It's one of those days where the rain mixes with snow and the wind sends it sideways. The downpour makes the mud bubble like a black bean soup.
But as Jerry White, the Spokane Riverkeeper, steps out of his truck, boots squishing in the muddy soil near the banks of Hangman Creek, it's perfect.
"You couldn't have asked for a better day," White says. He smiles. "When you get into this business, it's a little morbid. We're always, like, 'Oh man, look at that pollution!'"
Really look at it, he says. Look at the way that the rain turns Hangman and the north fork of Spangle Creek gray and chocolatey brown. The creek has been sick for a long time. Think of it like a patient suffering from fever, a bacterial infection, and losing chunks of their hair.
Hangman Creek, also known as Latah Creek, is choked with bacteria and record levels of dirt. The temperature's too high. There isn't enough vegetation. The water is running too fast, eroding away the banks, sending even more soil sloshing into the river.
But there's good news, White says. For years, the Spokane Riverkeeper had been locked into a legal battle with the Environmental Protection Agency and the Washington State Department of Ecology over the fate of Hangman Creek.
Way back in 2009, Ecology had come up with a clean-up plan detailing all the ecological standards that Hangman Creek had to hit. The problem wasn't the standards, White says. It was that they were toothless — with little guidance on how Ecology was going to enforce its plan.
So in 2015, they sued the EPA for approving Ecology's plan. Last month, the lawsuit was finally settled. Going forward, Ecology will be required to undertake a massive methodical analysis of Hangman Creek, and landowners are tasked to fix the biggest problems.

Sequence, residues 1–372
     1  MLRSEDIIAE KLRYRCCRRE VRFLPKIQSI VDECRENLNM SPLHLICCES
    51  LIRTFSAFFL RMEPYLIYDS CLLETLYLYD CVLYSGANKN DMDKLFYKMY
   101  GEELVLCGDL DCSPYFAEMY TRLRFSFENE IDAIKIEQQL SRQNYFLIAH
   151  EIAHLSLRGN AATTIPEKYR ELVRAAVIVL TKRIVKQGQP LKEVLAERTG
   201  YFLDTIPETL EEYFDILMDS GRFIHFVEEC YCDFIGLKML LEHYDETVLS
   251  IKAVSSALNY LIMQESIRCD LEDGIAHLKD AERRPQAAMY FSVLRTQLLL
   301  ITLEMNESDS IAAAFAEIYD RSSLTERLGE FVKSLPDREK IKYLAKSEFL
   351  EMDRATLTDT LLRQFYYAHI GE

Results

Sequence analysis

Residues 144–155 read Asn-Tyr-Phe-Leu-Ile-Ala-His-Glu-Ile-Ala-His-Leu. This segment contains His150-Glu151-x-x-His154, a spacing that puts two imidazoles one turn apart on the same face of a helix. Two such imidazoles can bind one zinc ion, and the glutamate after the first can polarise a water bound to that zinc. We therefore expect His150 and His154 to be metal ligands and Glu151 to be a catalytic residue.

"The public very often doesn't realize we're entitled to clean water under the law," White says. "That's our birthright as Americans."
The problem with pollution in Hangman Creek isn't necessarily as simple as, say, a malevolent factory pumping waste into the stream. Instead, it's largely the result of a thousand decisions by individual property owners.
"Our culture seems to feel like a river ends right where the water ends," White says. It isn't just the farms. It's the golf courses and the housing complexes — anything that is built right up to the river's edge.
"For 120 years, landowners, farmers and developers have all been taught and known, you clear creeks out, and you clean them up," White says. You imposed order on the chaos of nature. You took messy banks and made them straight and clean.
It was exactly the wrong thing to do. By ripping out the natural plants and trees on a river's edge, you take away the source of shade that keeps the river cool. You tear away the roots that stop the dirt on the banks from being swept into the creek.
"We found documents clear back into the '70s where they talked about the terrible soil erosion happening here," White says.
He cringes at the long bald swatches of soil, laid bare by traditional tilling practices. He watches rainfall slough the dirt into the water.
Traditionally, this stretch of land flooded in the spring and then slowly drained. But farming practices changed that: He points out the big black pipes serpentining through some Hangman Creek properties like giant earthworms. Their job is to drain the soil as fast as possible in the spring. Trenches and ditches do the same thing.